They are calling it the "student loan time bomb." Millions of college students and grads will be forced to pay higher rates on their loans in a few months. It will be almost impossible to avoid.
But if you have children who are not yet in college, you can avoid some of this trouble by planning ahead.
Crazy Amounts of Debt
Ah, the crazy things we do in college, such as letting other kids throw eggs at us for a frat benefit. Even crazier: the stunning amount of student loan debt many young people are now taking on.
College Junior Joanna Frazier said, "It's outrageous, the loans people are having to pay back. I mean, that will be me when I graduate."
Joanna and her friend Maggie Cobb told us college loans are a worry hanging over many students, even at Northern Kentucky University, where tuition is very reasonable.
"The chances of getting a job straight out of college to pay for that is getting slimmer and slimmer, so it's a lot more stress to put on yourself," Maggie said.
Rates About to Jump
And it's about to get more stressful this summer. Unless Congress acts, which does not appear likely, federal student loan rates will double July 1 from their recession reduced 3.4 percent to 6.8 percent.
The 3.4 percent rate was a temporary adjustment during the recession, and is expiring.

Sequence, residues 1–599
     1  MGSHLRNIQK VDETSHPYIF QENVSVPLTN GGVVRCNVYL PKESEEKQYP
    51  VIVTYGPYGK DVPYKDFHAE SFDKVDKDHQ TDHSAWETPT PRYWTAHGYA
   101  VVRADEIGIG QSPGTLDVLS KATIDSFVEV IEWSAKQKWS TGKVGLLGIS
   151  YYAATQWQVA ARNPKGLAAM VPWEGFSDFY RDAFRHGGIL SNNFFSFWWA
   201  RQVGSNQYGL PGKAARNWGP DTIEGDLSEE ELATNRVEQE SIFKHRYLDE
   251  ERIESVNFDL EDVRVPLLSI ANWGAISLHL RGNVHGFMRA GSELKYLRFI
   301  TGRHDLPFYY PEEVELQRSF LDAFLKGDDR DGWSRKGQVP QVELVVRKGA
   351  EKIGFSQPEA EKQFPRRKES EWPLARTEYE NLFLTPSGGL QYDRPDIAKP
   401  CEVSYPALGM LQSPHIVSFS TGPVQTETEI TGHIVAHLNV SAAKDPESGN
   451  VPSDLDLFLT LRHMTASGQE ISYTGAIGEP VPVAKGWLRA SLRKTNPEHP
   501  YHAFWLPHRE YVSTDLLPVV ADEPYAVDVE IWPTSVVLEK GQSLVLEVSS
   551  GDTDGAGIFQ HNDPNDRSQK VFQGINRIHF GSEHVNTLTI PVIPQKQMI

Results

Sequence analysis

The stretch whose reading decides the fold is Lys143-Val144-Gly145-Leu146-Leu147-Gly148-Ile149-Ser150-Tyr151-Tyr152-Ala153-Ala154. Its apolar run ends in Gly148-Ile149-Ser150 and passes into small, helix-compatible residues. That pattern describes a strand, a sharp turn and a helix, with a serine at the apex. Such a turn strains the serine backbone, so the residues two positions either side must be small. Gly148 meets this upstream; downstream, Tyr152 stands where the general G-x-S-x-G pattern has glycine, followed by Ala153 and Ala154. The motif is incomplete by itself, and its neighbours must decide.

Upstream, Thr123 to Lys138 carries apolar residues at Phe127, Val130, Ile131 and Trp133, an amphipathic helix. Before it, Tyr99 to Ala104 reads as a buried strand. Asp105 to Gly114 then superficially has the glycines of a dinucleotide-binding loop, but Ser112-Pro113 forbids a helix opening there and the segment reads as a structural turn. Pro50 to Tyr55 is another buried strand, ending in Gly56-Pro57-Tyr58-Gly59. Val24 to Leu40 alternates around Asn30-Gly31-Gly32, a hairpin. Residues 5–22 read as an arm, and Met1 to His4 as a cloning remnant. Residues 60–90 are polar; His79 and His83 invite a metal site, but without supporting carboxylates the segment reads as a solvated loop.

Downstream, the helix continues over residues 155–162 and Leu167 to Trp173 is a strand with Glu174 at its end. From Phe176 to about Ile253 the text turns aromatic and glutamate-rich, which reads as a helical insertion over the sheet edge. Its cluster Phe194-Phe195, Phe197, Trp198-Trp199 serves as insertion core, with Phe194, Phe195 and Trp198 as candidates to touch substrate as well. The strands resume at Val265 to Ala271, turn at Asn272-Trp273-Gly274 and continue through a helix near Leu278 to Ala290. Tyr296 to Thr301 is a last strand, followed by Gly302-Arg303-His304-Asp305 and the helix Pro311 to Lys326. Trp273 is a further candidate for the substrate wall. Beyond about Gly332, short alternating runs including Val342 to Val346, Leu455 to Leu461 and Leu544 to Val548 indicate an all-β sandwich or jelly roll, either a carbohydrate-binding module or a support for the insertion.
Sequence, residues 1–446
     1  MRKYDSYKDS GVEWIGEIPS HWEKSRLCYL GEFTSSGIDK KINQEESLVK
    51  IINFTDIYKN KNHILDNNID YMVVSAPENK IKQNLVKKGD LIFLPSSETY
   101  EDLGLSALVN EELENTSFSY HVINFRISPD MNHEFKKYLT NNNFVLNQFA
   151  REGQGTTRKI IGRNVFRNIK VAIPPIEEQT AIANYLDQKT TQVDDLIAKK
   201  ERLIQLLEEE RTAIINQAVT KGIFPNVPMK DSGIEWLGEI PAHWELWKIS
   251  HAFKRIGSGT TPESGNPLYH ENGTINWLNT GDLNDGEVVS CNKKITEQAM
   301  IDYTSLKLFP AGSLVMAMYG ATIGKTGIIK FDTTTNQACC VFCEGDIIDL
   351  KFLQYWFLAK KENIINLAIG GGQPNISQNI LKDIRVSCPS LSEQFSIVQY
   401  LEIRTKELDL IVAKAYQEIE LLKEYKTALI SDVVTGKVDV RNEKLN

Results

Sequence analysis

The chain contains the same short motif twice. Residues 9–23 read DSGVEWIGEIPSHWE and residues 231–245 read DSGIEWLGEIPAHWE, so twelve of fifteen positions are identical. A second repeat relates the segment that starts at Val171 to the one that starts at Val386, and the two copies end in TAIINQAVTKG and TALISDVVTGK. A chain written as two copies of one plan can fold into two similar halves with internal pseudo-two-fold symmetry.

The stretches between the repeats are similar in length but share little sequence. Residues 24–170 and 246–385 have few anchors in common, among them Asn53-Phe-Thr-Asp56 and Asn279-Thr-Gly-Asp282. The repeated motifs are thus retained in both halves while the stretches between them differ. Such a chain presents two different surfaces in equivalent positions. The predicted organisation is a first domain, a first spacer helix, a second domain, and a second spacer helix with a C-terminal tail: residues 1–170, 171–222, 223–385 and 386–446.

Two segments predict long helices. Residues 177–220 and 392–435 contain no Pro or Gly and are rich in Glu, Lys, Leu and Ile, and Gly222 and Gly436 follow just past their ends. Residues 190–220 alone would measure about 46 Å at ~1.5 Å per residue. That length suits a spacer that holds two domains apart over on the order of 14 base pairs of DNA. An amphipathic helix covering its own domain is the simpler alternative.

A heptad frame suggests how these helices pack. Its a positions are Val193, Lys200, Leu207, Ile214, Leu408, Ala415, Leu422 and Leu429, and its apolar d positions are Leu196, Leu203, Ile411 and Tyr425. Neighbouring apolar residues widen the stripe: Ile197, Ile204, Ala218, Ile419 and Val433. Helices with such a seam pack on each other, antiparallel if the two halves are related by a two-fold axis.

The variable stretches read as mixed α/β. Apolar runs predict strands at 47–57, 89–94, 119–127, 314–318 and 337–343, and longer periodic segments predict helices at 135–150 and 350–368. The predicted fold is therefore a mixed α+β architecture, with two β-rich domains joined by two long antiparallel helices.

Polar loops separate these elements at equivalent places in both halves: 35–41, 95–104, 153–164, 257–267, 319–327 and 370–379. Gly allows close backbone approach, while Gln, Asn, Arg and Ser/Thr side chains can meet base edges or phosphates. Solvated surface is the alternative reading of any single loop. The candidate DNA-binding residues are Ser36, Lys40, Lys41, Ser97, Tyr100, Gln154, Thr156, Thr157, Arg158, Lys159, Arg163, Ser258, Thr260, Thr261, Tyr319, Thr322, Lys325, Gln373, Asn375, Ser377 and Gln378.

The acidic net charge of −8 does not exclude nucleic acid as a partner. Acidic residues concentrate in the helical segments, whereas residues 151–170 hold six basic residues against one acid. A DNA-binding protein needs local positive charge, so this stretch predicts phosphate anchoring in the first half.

Higher loan rates are something students are not looking forward to. "I think I have close to $8,000 in loans this semester, and next semester will be even more," Ryan Gnessin said.
How to Avoid it
There is not much you can do now if you are burdened with college, except to budget for the higher rates coming. There is no way to lock in the lower rate.
However, if you are a parent with children not yet in college, this student loan time bomb should be a warning, the experts say.
They suggest saving as much as you can now -- in a state 529 plan -- rather than paying later, with interest charges.
Paul Paeglis is the head of the Ohio 529 plan, known as College Advantage.
"Every dollar saved is one less dollar that has to be borrowed ultimately," Paeglis said. "I don't think there are too many families that ever regretted saving too much for college. It's certainly an expensive proposition and the more that can be done up front helps."
Plus, 529 accounts have two big advantages:
1. Deposits up to a certain amount (usually $2,000 a year) are deductible on your state income taxes.
2. The interest and growth does not get taxed, unlike in a child's savings account.
It's a great way to avoid the college loan trap.
Bankruptcy No Option
By the way, it's almost impossible to discharge college loan debt through bankruptcy, except in rare hardship cases.
So if you're uncomfortable with the size of the college loan you'll need, you may want to consider a cheaper public school, or start with a two-year community college, then transfer into a more expensive four-year program after the first two years.
That way, you don't waste your money.
Copyright 2012 Scripps Media, Inc. All rights reserved. This material may not be published, broadcast, rewritten, or redistributed.
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